Results haven't done much to prop up the overall market, but
analysts said that the numbers should relieve worries that last
year's big rally came without much gain in profit growth.
Investors turned their focus in recent weeks to volatile emerging
markets and less stimulus from the Federal Reserve. At the same
time, fourth-quarter earnings growth has clocked in at 9.5 percent
above year-ago results, better than the 7.6 percent expected when
the period began.
Notably, companies that surprised investors with
better-than-expected results in terms of both revenue and profits
reaped a reward: Their stock prices jumped.
On average, those that beat on both metrics are up 2.1 percent in
the five days that followed their results, according to Bank of
America Merrill Lynch research, while those that missed on both are
down 5.6 percent in that time. That gulf is the biggest seen since
the fourth quarter of 2008.
Consumer discretionary stocks had the biggest gap between the
gainers like Netflix Inc <NFLX.O>, which rose 20 percent in the five
days following its results, and losers like Amazon.com Inc <AMZN.O>,
which fell 12 percent in a similar period.
In all, 68 percent of S&P 500 companies' results are beating
analysts' expectations on earnings, above the 63 percent long-term
average, while 66 percent are exceeding forecasts on revenue, which
would be the best "beat rate" since the second quarter of 2011,
Thomson Reuters data showed.
"The percentage of companies beating on EPS, on sales and on EPS and
sales — all of those metrics — are above average. That's a pretty
positive sign," said Dan Suzuki, U.S. equity strategist at Bank of
America Merrill Lynch in New York.
If the pattern of big swings for consumer discretionary companies'
stocks holds, it implies more volatility for those that have not yet
reported, including Kohl's Corp <KSS.N>, Gap Inc <GPS.N> and Lowe's
Companies, Inc <LOW.N>, as well as other retailers that struggled
through the most competitive holiday shopping season for the U.S.
industry since the recession.
SOLID RESULTS, EVEN IF OVERLOOKED
With results in from about 70 percent of S&P 500 companies, the
group is on track for the best earnings growth since the third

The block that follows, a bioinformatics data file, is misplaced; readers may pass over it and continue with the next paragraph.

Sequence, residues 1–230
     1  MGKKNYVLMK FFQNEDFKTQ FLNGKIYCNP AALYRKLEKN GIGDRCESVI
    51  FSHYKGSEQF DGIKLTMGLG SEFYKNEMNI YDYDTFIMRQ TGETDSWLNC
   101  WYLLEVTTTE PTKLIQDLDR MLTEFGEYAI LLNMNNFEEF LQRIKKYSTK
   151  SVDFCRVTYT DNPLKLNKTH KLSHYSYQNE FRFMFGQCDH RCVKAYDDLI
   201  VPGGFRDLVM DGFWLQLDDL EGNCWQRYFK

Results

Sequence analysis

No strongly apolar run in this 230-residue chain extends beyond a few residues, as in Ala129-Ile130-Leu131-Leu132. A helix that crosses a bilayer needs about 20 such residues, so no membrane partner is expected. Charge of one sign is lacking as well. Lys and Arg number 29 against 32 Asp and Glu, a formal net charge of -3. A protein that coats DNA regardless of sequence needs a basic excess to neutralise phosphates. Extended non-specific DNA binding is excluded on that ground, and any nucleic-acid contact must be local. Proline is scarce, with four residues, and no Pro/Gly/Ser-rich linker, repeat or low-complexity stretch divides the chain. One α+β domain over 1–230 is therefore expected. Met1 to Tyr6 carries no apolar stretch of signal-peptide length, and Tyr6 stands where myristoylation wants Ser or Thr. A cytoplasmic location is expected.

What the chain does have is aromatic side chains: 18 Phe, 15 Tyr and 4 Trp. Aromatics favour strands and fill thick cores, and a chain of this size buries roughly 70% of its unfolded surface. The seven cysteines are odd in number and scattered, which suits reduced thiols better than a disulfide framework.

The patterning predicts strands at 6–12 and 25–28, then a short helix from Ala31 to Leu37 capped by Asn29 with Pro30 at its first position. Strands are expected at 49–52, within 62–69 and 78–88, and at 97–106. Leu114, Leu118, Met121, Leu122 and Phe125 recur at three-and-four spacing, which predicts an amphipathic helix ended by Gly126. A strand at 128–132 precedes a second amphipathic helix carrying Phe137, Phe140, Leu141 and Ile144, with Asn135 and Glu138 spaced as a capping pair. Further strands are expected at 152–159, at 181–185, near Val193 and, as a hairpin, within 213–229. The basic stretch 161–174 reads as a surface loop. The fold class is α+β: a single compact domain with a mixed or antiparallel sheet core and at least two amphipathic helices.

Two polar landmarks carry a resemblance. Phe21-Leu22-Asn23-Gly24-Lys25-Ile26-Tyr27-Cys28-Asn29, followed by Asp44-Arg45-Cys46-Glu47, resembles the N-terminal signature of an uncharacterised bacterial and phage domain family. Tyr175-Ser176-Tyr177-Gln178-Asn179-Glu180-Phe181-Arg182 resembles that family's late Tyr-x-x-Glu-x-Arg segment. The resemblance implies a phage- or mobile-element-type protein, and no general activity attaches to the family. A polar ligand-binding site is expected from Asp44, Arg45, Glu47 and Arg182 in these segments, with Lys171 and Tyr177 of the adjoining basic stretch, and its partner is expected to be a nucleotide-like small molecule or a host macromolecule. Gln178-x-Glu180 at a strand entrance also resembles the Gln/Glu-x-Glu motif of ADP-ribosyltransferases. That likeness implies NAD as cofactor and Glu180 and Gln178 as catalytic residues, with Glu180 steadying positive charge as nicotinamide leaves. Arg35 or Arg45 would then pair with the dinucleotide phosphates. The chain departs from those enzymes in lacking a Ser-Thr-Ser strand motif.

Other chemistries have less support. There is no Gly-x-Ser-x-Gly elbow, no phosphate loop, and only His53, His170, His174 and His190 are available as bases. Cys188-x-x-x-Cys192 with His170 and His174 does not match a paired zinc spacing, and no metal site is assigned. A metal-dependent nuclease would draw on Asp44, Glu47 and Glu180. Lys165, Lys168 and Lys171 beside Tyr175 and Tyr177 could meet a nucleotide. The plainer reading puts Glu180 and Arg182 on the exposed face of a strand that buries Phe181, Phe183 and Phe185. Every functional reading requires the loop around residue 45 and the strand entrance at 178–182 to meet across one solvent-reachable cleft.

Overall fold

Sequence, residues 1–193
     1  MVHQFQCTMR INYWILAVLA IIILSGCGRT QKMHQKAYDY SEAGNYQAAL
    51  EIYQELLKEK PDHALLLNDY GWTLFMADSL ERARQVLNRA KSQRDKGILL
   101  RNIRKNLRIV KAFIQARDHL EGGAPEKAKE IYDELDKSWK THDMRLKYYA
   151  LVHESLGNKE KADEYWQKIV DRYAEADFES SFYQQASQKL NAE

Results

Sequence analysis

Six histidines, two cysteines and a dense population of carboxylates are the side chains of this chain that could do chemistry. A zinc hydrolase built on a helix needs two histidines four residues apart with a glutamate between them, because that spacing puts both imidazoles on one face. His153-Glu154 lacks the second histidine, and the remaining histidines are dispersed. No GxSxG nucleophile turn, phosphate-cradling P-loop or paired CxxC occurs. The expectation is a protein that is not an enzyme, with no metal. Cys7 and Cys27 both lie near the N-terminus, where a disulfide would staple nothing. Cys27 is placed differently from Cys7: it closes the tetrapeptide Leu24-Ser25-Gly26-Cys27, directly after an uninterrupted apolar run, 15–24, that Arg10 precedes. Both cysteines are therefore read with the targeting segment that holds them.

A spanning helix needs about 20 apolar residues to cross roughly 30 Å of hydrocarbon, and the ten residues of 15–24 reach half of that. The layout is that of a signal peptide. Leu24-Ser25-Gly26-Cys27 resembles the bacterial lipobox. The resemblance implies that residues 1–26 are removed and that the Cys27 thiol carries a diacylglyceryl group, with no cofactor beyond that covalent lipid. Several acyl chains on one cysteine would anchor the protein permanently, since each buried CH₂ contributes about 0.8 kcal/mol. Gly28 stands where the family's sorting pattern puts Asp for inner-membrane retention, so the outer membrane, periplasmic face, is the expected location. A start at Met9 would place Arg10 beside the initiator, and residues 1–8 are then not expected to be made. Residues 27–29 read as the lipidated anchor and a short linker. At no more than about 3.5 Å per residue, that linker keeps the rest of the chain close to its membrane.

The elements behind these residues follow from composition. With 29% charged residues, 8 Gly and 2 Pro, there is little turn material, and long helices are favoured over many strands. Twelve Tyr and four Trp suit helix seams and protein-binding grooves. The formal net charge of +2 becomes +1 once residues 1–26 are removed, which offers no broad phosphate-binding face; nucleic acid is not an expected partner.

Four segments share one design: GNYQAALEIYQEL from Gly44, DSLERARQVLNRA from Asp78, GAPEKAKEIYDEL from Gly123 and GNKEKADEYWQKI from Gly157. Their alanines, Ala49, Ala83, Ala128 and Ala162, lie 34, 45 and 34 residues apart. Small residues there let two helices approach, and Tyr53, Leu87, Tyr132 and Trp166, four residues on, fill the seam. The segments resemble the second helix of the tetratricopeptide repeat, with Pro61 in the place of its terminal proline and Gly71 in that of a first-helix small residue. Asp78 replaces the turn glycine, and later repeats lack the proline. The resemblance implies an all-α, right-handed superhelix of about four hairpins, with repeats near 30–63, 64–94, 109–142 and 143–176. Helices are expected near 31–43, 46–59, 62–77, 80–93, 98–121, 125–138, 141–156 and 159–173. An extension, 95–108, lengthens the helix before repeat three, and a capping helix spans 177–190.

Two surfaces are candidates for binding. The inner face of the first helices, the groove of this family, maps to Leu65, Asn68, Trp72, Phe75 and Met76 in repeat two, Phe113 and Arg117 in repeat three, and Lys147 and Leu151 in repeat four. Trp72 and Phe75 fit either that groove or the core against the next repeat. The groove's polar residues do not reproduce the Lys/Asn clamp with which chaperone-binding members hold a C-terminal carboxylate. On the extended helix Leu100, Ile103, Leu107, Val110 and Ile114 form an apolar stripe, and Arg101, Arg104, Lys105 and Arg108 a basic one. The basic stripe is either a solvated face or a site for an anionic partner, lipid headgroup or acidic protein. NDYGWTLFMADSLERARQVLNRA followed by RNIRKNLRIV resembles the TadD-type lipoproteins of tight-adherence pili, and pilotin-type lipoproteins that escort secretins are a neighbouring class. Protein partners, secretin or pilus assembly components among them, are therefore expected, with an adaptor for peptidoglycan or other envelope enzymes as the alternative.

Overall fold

quarter of 2011, Thomson Reuters data showed.
Revenue growth at 1.1 percent is still expected to lag the third
quarter, but the percentage of companies beating analysts' forecasts
is the best in more than two years.
Those are sound results for a stock market that has been turbulent
this year, with the Standard & Poor's 500 index <.SPX> posting a 3.6
percent loss in January and slipping 1.6 percent so far in 2014.
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That downturn follows the S&P 500's 30 percent gain last year, when
earnings rose just 6.1 percent. Valuations increased sharply because
of the price gains, with the S&P 500's forward four-quarter
price-to-earnings ratio now at 15.1, compared with 13.1 at the start
of 2013, according to Thomson Reuters data.
"A lot of people have begun to wonder about the sustainability of
the rally because it was driven so much by multiple expansion rather
than earnings, and that's entirely accurate," said Dan Greenhaus,
chief strategist at BTIG LLC in New York.
But "earnings are going up — earnings are accelerating," he said.
Many investors were expecting profit growth to pick up in 2014,
thanks to a more robust U.S. economy, with double-digit earnings
growth projected for the third and fourth quarters.
On some levels, earnings have done well once again by exceeding
expectations. Outlooks for the fourth quarter were the most negative
of any period since at least 1996, when Thomson Reuters began
tracking this data.
The earnings season, to some degree, has been overshadowed by the
rout in emerging markets, which prompted a selloff in stocks in the
United States and other developed economies.
Financials have had the most positive earnings surprises, with
results from insurers like the Travelers Companies, Inc <TRV.N> and
Allstate Corp <ALL.N> among those in that sector that have beaten
expectations by the biggest margins.
Not everything is picking up.
Outlooks for the first quarter remain largely negative, with 4.8
companies warning for every one with a positive forecast, Thomson
Reuters data showed.
Earnings estimates for all of 2014 have slipped, with growth now
predicted at 9.3 percent versus a January 1 forecast of 10.8
(Editing by Jan Paschal)
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